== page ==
by Hugh Fitzgerald
In the intellectual degringolade that characterizes campuses today, a particularly disturbing example comes from the University of Michigan. The story is here.
The student government at the University of Michigan has passed a resolution condemning its president for remarks critical of the Palestinians he made as a high school senior.
The final vote of the Feb. 25 resolution rebuking Central Student Government president Ben Gerstein was 25 in favor, zero against and four abstentions.
There should be a test for what type of people deserve a state and what type of people don’t. I think the Palestinian people, with rejecting constant peace deals, with their financing of terror, with their raising kids to hate people purely because of their religion,” said Gerstein on the TV show “North Town News Magazine” in 2017. “I don’t think that people deserve a state at this point in time. Until we see a significant change in the Palestinian mentality and a significant change in the Palestinian leadership, I don’t think they deserve a state at this point.”
On Feb. 19, Gerstein apologized in a public Facebook post.
Was anything Ben Gerstein said as a high school senior in 2017 untrue? Haven’t the Palestinians rejected many peace deals, including one offered by Ehud Barak that would have given them 95% of the West Bank and another, by Ehud Olmert, that would have given them 93%? Aren’t they right now refusing even to consider a deal that would give them a state of their own, with a capital on the edge of East Jerusalem, as well as $50 billion dollars in aid, the largest aid package for a single state in history? Don’t the Palestinians finance terror, paying for the rockets Hamas lobs into Israel’s southern cities, such as Sderot, from Gaza? Don’t Palestinians pay Hezbollah to dig its terror tunnels from Lebanon into Israel? Doesn’t the supposedly “moderate” Palestinian Authority have a Pay-For-Slay program, that provides hundreds of millions of dollars annually to terrorists, if they are imprisoned, and given to their families, if they are dead? Does Ben Gerstein really wish to claim that the Palestinians do not finance or take part in terrorism, do not support, and do not honor, terrorists intent on murdering Israeli civilians? Or does he now think that all of that is justified because of Israeli “oppression”?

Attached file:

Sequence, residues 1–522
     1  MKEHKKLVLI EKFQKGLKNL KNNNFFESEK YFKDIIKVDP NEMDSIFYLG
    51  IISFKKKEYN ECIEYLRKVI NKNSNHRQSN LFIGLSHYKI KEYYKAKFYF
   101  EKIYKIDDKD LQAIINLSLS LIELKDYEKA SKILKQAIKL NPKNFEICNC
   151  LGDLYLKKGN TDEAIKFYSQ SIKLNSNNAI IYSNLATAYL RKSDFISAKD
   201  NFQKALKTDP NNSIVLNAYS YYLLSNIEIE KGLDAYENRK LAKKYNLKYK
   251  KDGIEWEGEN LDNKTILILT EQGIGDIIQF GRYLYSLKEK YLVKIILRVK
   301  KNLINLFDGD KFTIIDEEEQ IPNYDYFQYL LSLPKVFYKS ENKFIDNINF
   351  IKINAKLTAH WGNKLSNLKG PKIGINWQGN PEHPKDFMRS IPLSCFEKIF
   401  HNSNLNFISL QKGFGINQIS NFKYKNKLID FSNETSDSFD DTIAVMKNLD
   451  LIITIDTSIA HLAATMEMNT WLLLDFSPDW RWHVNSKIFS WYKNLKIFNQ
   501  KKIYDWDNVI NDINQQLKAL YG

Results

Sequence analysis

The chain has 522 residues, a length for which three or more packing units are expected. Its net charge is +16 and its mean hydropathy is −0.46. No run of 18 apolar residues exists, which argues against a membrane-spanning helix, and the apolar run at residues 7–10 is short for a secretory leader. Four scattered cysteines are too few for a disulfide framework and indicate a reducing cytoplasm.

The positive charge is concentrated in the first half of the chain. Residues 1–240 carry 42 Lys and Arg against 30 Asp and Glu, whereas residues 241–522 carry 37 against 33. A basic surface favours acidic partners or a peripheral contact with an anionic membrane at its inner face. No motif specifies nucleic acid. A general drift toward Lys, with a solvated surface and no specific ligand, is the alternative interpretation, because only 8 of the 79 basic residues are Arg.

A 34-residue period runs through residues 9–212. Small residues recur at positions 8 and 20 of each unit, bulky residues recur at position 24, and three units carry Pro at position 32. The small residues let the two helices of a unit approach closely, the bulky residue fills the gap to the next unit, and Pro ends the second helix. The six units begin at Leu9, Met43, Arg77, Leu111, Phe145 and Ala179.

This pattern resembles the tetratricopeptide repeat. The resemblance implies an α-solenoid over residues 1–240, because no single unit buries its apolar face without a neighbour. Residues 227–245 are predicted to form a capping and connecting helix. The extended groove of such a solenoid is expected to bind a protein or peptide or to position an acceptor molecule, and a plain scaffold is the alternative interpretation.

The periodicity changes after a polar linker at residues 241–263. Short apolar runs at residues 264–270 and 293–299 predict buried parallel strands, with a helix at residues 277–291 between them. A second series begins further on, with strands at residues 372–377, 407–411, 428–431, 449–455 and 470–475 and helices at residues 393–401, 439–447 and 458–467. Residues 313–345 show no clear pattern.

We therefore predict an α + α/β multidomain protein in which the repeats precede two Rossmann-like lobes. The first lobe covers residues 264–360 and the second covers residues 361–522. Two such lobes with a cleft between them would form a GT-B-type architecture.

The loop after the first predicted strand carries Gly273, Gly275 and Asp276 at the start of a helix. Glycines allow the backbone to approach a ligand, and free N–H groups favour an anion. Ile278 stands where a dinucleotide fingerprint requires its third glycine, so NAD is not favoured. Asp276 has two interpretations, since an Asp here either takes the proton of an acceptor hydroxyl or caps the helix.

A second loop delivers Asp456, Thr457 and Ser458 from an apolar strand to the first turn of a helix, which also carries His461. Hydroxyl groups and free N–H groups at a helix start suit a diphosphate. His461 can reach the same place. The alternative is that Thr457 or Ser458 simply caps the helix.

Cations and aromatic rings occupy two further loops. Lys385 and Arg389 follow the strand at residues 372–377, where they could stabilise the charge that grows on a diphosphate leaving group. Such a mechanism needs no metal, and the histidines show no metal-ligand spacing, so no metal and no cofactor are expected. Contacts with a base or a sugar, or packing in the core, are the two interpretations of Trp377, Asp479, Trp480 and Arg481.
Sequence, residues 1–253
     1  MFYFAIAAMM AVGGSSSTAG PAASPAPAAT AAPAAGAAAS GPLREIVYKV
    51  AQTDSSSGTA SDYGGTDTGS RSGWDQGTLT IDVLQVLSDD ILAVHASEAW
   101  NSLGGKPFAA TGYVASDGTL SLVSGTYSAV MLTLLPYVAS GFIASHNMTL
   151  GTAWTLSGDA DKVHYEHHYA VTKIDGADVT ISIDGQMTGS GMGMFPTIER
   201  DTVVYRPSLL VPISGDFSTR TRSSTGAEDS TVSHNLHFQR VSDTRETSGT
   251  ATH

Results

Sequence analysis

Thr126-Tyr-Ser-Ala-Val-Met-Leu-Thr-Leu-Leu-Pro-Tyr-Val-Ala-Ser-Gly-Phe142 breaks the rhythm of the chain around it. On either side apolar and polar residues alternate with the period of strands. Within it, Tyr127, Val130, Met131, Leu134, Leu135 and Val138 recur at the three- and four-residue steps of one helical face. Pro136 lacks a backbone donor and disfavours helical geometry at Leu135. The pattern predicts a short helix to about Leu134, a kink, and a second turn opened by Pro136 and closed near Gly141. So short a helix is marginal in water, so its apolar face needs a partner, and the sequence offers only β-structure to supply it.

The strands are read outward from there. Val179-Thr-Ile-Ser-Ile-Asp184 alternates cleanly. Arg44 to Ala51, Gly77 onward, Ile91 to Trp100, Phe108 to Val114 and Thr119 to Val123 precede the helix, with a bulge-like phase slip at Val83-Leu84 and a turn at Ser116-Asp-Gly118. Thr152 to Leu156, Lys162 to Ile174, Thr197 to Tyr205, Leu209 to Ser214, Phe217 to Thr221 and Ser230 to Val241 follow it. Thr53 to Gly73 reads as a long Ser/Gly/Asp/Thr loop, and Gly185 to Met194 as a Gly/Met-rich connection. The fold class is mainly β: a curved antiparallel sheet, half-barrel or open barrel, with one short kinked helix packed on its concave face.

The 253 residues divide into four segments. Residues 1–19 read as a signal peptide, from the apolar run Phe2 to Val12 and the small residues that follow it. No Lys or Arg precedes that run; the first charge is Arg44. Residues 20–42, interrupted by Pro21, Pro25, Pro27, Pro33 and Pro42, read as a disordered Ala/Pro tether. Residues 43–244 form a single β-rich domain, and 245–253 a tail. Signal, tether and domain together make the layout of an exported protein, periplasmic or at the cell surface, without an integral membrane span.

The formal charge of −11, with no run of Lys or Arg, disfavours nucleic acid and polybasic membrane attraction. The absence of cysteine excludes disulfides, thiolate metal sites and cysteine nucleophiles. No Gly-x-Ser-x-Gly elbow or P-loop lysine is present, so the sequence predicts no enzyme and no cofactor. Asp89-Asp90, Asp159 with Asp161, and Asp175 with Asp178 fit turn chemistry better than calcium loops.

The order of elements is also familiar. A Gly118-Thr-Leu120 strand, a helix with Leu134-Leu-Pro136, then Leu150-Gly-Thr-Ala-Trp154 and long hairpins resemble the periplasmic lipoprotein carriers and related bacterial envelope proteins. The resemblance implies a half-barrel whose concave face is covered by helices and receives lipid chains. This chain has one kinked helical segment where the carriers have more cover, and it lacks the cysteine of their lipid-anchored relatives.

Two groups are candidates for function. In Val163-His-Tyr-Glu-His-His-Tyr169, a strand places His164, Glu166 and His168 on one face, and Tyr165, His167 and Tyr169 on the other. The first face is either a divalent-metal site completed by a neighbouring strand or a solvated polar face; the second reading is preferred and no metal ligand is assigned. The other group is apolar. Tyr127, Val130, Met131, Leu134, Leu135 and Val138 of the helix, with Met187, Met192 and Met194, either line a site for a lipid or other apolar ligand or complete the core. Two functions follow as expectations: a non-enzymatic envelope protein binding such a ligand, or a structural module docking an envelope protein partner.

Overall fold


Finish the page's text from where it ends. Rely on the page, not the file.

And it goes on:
And wasn’t Gerstein right in his earlier claim that the Palestinians raise “kids to hate people purely because of their religion”? Aren’t the Palestinian schoolbooks full of antisemitic teachings that encourage murderous acts against Jews? Haven’t we seen those Palestinian children’s shows where young children simulate – with real knives — their stabbing of Israelis, as they chant about killing Jews, to the beaming approval of their adult supervisors? Nothing he claimed in 2017 was wrong. It is precisely now, when he pleads to be forgiven for his previous views — before he saw the pro-Palestinian anti-Israel light – that he is uttering grotesque untruths.
What is wrong with suggesting, as he did then, that it is legitimate to ask the question of who deserves a state? Does everyone who wants a state and claims to be a “people” deserve one? Are we not allowed to examine the evidence? Should there be a test for “what type [sic] of people deserve a state” and which type do not? Gerstein said on that 2017 television show that the Palestinian people, “with rejecting constant peace deals, with their financing of terror, with their raising kids to hate people purely because of their religion,” do not yet deserve a state. “I don’t think that [such] people deserve a state at this point in time. Until we see a significant change in the Palestinian mentality and a significant change in the Palestinian leadership, I don’t think they deserve a state at this point.” Is that an outrageous remark, or isn’t it just common sense not to reward race hatred and terror? In 2017, Gerstein was stating the obvious: if you behave unacceptably, by teaching murderous hatred to your children and encouraging them to want to kill others, if you refuse all compromises (“peace deals”), if you finance terror and celebrate terrorists as heroes – naming streets and squares after them, if terror is your main weapon of war, then your claim to statehood is less deserving than those made by others who do not exhibit such attitudes or engage in such behavior.
Are we not allowed to discuss the depth and legitimacy of different claims to statehood? Wouldn’t we all agree that the 35-40 million Kurds, for example, spread out over Syria, Iraq, Iran, and Turkey, have a powerful claim to an independent state? And isn’t their claim all the stronger because the Treaty of Sèvres stipulated the creation of an autonomous Kurdish state in 1920, but the subsequent Treaty of Lausanne (1923) failed to mention Kurds? That betrayal of a promise by Europeans of an independent Kurdistan was brought about by Turkish pressure.
And the Berbers, the indigenous people of North Africa conquered by Arabs and, in many cases, forced to abandon the Berber language and culture by their Arab masters — especially in Algeria — in attempts to “arabize” them, have a similar claim on our sympathies. Neither the Kurds nor the Berbers have engaged in terrorism. The Arabs, of course, deny that either the Kurds or the Berbers have a right to autonomy, much less a right to statehood. But they are outraged that anyone would deny any significant group of Arabs, anywhere, their right to a state. The Palestinian Arabs, who want a 23rd Arab state – 22 apparently are not enough for the Arab people – should be far down on the list of those deserving a state.
First published in Jihad Watch.
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